Just months after the Welsh Government made the Pereira Test a part of Welsh law, it was struck down in England by the Supreme Court for being unjust. I have yet to hear a proper explanation from the Welsh Government as to why Wales should not follow suit and repeal this, now outdated, test as soon as possible.

Sometimes the work of an AM is hugely frustrating. One of the reasons I decided to stand down at the next election was the realisation that I’d seen five Assembly enquiries into the provision of home adaptations for disabled and older people, each highlighting significant variation in the service provided in different areas. We’ve seen improvement, but the problem still hasn’t been wholly sorted out. It can feel as though you’re running in circles.

My advice for any future AMs with housing in their portfolio is that the ability to deliver any housing policy depends on the finance. Housing is not like other areas of public policy, you cannot just pass a law to, for example, guarantee a certain number of affordable homes. Instead, you have to work with the sector, listen to those who know more than you, and put the work in to ensuring that the necessary finances are in place. Many factors will be outside your control: land prices, mortgage availability, a change of building regulations. In the end, if the arithmetic doesn’t work out, your policy will fail.

There are significant challenges ahead. The Conservative Government in Westminster’s welfare reforms are putting a strain on Welsh public services. The Auditor General for Wales found that the bedroom tax has disproportionately affected social housing tenants in Wales, compared with the other constituent nations of the UK. Coping with the knock-on effects of these changes in a time of ever-shrinking budgets will be difficult for both Government and local authorities.

However, Wales is in a better position than ever to carve out our own political direction and set our own priorities. My hope is that the AMs who enter the Assembly in May will continue to choose a policy direction for housing that is increasingly distinct, radical, and tailored to meet Wales’ unique needs.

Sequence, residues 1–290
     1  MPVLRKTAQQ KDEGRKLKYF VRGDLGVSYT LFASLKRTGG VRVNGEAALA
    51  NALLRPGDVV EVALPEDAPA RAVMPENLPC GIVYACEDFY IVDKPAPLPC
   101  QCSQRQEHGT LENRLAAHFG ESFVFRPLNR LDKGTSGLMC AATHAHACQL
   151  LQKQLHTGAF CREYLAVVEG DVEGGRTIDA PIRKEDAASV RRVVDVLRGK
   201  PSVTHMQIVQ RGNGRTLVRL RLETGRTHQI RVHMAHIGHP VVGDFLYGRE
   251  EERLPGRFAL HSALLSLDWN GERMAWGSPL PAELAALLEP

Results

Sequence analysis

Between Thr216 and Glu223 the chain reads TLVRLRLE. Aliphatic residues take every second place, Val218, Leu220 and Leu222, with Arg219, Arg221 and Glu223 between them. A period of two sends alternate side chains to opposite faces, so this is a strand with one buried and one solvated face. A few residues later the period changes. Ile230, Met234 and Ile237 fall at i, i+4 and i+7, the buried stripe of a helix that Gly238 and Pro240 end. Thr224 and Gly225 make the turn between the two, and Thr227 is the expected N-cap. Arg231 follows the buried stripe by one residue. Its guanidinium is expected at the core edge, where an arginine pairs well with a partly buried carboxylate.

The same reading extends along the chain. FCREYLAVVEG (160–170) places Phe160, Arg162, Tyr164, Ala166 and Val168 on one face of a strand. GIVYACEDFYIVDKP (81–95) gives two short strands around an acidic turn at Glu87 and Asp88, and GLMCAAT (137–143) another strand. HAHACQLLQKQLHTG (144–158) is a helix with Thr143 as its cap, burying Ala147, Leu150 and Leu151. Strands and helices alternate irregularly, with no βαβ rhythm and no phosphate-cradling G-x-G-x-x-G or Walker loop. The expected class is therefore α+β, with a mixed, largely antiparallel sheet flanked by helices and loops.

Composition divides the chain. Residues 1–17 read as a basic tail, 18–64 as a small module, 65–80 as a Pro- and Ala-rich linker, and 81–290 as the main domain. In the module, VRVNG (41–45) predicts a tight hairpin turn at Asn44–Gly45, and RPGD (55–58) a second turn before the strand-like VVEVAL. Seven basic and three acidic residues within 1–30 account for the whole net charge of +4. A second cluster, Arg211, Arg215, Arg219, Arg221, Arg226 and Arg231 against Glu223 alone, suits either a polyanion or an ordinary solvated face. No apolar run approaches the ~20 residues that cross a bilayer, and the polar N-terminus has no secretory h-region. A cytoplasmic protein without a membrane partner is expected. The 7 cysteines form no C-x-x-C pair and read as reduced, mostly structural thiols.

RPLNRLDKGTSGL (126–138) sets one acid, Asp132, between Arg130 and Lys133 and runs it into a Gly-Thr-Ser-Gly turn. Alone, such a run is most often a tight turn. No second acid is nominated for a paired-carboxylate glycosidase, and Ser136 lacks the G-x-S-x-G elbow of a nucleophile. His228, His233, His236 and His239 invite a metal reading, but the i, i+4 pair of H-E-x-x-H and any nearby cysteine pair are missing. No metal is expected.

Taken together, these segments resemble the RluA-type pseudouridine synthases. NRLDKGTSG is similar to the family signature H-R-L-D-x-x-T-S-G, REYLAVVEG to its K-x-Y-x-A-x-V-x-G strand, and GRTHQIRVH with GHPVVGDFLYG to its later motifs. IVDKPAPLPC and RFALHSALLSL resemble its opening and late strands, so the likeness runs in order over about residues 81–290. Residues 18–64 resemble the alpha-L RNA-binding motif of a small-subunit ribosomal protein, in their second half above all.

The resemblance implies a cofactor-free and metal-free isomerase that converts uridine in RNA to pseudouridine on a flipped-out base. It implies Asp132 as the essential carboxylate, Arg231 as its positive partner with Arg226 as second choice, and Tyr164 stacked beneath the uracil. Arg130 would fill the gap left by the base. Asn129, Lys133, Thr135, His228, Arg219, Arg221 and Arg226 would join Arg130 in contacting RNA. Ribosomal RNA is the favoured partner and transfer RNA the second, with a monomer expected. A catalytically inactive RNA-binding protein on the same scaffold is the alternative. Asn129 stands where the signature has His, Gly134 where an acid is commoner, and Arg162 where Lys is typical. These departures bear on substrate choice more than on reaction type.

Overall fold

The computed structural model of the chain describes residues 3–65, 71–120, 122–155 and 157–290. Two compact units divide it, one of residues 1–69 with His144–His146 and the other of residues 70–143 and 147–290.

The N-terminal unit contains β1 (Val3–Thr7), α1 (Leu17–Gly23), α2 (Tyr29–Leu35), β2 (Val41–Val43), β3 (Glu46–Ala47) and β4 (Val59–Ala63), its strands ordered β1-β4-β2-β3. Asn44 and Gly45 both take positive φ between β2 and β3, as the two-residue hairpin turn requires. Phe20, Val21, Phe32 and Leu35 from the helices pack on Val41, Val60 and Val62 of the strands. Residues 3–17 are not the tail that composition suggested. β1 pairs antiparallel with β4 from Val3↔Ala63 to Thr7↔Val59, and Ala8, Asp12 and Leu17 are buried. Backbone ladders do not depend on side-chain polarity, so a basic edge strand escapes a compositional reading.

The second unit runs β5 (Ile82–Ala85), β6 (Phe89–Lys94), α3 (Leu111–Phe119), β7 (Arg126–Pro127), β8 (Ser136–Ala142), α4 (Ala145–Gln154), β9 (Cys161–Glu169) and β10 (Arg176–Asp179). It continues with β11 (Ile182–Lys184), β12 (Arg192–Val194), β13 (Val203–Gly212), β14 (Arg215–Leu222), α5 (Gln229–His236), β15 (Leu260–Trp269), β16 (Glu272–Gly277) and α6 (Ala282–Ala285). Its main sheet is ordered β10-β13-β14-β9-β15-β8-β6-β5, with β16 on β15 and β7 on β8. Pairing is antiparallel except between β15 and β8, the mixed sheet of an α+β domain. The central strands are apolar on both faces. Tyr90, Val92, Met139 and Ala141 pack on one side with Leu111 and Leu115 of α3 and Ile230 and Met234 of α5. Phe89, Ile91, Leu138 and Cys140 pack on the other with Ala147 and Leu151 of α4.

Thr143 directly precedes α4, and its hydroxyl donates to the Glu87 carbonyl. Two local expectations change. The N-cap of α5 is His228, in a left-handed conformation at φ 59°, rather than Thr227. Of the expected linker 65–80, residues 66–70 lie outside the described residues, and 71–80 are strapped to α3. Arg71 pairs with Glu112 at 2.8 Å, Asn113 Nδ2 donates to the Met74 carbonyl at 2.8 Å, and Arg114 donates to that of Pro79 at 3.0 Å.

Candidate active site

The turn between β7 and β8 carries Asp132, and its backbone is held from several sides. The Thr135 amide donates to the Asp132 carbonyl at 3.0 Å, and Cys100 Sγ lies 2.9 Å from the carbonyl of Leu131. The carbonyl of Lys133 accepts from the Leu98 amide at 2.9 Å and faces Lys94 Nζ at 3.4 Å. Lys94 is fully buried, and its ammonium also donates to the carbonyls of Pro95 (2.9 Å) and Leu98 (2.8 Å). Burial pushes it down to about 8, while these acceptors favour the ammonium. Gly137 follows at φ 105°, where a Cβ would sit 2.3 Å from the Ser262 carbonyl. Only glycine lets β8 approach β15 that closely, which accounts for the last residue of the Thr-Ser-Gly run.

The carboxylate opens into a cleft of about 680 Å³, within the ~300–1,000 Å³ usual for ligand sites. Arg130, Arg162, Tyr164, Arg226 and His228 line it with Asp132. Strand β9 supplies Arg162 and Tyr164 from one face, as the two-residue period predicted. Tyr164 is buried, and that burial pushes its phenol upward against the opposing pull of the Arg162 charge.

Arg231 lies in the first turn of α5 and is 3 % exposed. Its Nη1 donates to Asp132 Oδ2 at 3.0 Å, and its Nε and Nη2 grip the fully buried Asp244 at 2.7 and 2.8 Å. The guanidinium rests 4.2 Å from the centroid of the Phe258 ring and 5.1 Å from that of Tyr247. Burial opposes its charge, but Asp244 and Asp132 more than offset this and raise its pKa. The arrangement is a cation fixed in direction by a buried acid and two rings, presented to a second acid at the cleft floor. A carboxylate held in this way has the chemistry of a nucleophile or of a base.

Jocelyn Davies is Plaid Cymru AM for South Wales East. She was deputy minister for housing and regeneration in the Third Assembly from 2007 to 2011

Building a consensus – Sandy Mewies

The recent launch of the Rent Smart Wales Landlords Licensing System was a reminder to me of just how far we have come in housing legislation during this Fourth Assembly.

A reminder because it was just before the Assembly Elections in 2011 that a groundbreaking report into the private rented sector was published by the then Communities and Culture Committee which I was fortunate to chair.

It is with pride that I can say that report helped lay some of the foundations for what has since followed. Members of the committee believed that our inquiry back then highlighted a number of areas where the private rented sector in Wales could be improved to deliver both better housing and better management standards. Our recommendations included the potential effectiveness of a licensing scheme, and also the development of guidance for local authorities for bringing empty homes back into use, using a system of recyclable loans.

Those recommendations were achieved thanks in no small part to the evidence and co operation which we, as Assembly Members, were given by the individuals and organisations from the housing sector and also from the then deputy housing minister Jocelyn Davies. I believe that spirit of partnership has been further developed through the Assembly’s Cross Party Housing Group which I have had the privilege to chair since its inception.